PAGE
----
With a majority of the company's costs fixed, increased revenues to lead to subtantially higher operating margins. Decreased revenues, on the other hand, cause margins to dip. With revenue-sharing and minimum guaranteed payment arrangements more common in the International segment, International margins are typically lower than those in the Americas.
While CCO is a public company, Clear Channel Communications continues to hold 90% of CCO shares and holds 99% of the total voting power of CCO stock. Three Clear Channel Outdoor directors continue to serve as directors of Clear Channel Communications, and four CCO executive officers continue to serve as executive officers of Clear Channel Communications. Clear Channel Communications elects all of the members of CCO's board of director and reports CCO revenues as its own. Future sales of CCO stock by Clear Channel Communications could have a significant negative impact on share prices.
Recently introduced to the outdoor advertising industry, LED and LCD digital displays allow for for higher quality, faster time to market, and better customer targeting. They also promise to significantly cut costs. For a higher initial investment in the displays, digital displays will cut industry operating expenses by allowing outdoor advertising companies to update displays at the click of a button rather than through regular and labor-intensive on-site visits. Messages can also be changed at different times of the day as well as instantaneously updated for price changes. CCO has already installed digital displays in the majority of its major markets.
The ability to update ad displays quickly and frequently will herald a transition from selling display space to selling time on multiple displays. It also has the potential attract more types of advertisers to outdoor advertising as well as to increase display utilization rates. In addition, outdoor advertisers are likely to follow the lead of television advertisers in maximizing revenues by "day-parting" their advertising slots and rates for different times during the day.
CCO finished 2006 with 50 digital displays, while Lamar, as of November 2006, already had 263 digital displays installed.
The domestic outdoor advertising industry is highly consolidated. The top three players--Clear Channel Outdoor, CBS Outdoor (formerly Viacom), and Lamar Advertising--together take in over 85% of industry revenue. In addition, the Highway Beautification Act of 1965 limits the number of new billboards that can be built and makes market entry difficult. This helps Clear Channel maintain its current position in existing U.S. markets and gives it pricing power.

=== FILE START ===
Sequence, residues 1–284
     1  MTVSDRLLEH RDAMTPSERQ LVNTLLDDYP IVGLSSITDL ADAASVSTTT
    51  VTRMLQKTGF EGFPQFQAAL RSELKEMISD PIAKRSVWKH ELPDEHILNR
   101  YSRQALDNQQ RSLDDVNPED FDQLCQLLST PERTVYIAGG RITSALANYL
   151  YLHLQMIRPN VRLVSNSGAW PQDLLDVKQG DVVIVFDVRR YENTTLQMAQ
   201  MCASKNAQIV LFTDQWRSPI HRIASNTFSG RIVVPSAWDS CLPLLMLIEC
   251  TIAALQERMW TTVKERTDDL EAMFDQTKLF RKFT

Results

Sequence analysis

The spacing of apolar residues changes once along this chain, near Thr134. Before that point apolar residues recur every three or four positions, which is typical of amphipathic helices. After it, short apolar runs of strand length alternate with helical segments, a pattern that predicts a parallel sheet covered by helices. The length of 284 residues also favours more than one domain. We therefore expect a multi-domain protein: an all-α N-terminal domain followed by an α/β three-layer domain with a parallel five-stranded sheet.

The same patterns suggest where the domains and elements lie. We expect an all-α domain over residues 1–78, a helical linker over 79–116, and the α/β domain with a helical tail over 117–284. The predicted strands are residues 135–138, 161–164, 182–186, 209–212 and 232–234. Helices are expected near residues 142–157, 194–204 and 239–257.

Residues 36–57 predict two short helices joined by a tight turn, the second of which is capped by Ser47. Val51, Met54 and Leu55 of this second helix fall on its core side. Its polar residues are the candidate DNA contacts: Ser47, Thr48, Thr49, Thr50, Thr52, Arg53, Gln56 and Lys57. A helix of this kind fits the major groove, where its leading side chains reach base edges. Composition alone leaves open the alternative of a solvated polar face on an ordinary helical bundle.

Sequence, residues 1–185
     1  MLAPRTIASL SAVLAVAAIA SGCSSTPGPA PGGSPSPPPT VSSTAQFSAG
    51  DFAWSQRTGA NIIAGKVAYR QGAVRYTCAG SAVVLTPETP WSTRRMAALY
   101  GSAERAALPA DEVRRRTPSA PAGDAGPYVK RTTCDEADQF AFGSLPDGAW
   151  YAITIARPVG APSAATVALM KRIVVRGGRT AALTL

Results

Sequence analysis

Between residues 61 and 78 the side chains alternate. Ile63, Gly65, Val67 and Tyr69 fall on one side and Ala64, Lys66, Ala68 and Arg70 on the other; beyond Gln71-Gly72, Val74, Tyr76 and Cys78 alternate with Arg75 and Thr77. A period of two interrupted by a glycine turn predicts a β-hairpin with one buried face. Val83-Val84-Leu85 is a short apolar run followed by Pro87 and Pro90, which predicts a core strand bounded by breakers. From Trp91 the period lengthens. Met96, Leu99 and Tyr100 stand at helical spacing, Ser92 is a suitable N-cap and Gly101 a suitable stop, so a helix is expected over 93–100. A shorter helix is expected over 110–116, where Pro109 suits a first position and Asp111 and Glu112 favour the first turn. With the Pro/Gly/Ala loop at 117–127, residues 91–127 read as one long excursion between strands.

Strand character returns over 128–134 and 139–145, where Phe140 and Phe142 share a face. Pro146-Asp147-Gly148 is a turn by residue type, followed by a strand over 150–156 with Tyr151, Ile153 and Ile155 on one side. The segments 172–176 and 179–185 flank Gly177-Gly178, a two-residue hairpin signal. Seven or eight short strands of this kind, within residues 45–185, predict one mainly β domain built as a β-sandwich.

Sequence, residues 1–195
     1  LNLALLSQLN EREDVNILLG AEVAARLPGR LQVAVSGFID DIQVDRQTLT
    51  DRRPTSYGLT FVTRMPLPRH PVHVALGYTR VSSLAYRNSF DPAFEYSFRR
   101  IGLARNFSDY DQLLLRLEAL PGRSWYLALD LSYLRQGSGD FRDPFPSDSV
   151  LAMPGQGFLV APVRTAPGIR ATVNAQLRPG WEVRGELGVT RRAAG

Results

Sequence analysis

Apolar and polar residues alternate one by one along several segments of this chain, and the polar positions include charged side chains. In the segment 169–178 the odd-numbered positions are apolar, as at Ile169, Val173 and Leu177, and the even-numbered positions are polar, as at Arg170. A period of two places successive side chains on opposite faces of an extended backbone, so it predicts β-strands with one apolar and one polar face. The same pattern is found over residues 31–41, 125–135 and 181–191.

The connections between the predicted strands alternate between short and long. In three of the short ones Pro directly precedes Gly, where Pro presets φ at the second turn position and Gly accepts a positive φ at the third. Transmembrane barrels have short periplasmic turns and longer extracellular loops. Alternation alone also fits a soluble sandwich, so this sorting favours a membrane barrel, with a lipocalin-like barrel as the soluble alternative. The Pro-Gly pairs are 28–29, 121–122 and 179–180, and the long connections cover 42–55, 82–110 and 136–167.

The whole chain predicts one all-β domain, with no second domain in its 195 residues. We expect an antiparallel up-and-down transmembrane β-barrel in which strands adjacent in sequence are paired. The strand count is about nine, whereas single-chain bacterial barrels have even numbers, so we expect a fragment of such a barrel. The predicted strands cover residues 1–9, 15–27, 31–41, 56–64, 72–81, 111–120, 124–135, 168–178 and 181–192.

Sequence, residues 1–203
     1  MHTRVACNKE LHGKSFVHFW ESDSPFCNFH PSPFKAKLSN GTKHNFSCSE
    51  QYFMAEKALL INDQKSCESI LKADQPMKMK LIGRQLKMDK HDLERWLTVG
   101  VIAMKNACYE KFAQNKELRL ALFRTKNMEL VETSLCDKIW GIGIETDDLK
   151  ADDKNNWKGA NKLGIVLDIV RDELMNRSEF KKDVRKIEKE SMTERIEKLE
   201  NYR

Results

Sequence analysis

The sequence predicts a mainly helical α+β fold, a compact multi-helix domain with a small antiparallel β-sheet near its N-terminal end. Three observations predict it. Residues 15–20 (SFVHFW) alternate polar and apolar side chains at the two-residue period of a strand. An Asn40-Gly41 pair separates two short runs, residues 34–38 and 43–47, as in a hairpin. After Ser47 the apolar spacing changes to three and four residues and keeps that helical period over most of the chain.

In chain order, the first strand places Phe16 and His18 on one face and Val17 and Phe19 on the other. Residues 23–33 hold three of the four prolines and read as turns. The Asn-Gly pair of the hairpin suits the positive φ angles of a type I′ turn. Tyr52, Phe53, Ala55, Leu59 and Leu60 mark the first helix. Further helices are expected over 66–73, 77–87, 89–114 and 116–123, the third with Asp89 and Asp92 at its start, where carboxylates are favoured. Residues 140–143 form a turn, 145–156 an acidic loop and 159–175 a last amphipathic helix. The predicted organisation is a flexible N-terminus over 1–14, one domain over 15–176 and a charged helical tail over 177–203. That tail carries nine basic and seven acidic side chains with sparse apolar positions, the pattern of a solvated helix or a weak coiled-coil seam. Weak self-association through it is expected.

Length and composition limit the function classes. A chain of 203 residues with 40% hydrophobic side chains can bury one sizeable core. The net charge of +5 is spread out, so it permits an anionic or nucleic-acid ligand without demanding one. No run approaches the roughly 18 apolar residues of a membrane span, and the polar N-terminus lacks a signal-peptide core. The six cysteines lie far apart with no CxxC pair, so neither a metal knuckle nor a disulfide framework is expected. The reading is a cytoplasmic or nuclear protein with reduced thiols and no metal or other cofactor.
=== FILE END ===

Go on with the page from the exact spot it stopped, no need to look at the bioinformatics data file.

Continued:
JC Decaux S.A. is the number one outdoor advertising company in Europe, and the number two player worldwide.
In addition, outdoor advertisers compete with other media such as television, radio, the Internet, and newspapers. Outdoor advertising has only about a 2% share of total domestic advertising revenues, significantly lower than in many other countries. By comparison, outdoor comprises 12% of total advertising spending in France, 10% in the UK, and 8% in Spain. According to the Outdoor Advertising Association of America, outdoor advertising revenues in the United States increased 7% per year over the past decade.
Clear Channel's main source of revenue, advertising, is highly correlated with and sensitive to GDP growth. Small downturns in the economic performance lead to large overall declines in ad spending, while ad spending tends to increase sharply during boom times.
In addition, revenues in the outdoor advertising industry are highly seasonal, following consumer spending trends. Both the Americas and International segments have historically experienced their worst performance in the first quarter and the best performance in the second and forth quarters.
With over 55% of its revenues coming from its operations abroad, CCO has a high degree of FX risk. In the first quarter of 2006, the company reported a $28.5 million decline in revenues due to foreign currency movements.
The outdoor advertising industry owes its profits in good measure to the 1965 Highway Beautification Act, which limited billboards to major U.S. highways and industrial areas regulates the locations of outdoor displays in the U.S. The limit on billboard placement has created large barriers for new entrants into the highly consolidated market, leading to high billboard profit margins that analysts and companies alike agree would not exist under more competitive conditions such as those seen in Europe. On the other hand, some states have banned billboards altogether.
U.S. federal, state and local regulations play an important role in shaping the outdoor advertising industry, and any changes could make a significant financial impact on CCO. In the future, digital billboards may be regulated because of their brightness or power to distract highway drivers. In addition, several jurisdictions in and outside of the U.S. have imposed taxes on gross receipts of outdoor advertising revenues, and new jurisdictions may also seek to do so.
International regulations similarly affect CCO's operations. The Law of December 29, 1979 in France, the Town and Country Planning (Control of Advertisements) Regulations 1992 in the United Kingdom, and Règlement Régional Urbain de l’agglomération Bruxelloise in Belgium regulate the extent to ad placement in rural areas, the hours during which illuminated signs may be lit, local authorities must consent to placing signs in certain communities. Regulations restricting outdoor advertiser's ownership of lease permits keep profit margins slim in the International segment.
The majority of Clear Channel Outdoor's revenues come from billboards placed along the highway, and ad rates for these billboards are determined by the amount of traffic that passes by them. Population growth and increasing drive times are CCO's key growth drivers. Thanks to urban sprawl, the search for cheaper housing outside of major metropolitan areas, and America's love of cars, commuters are spending more time in their cars than ever before.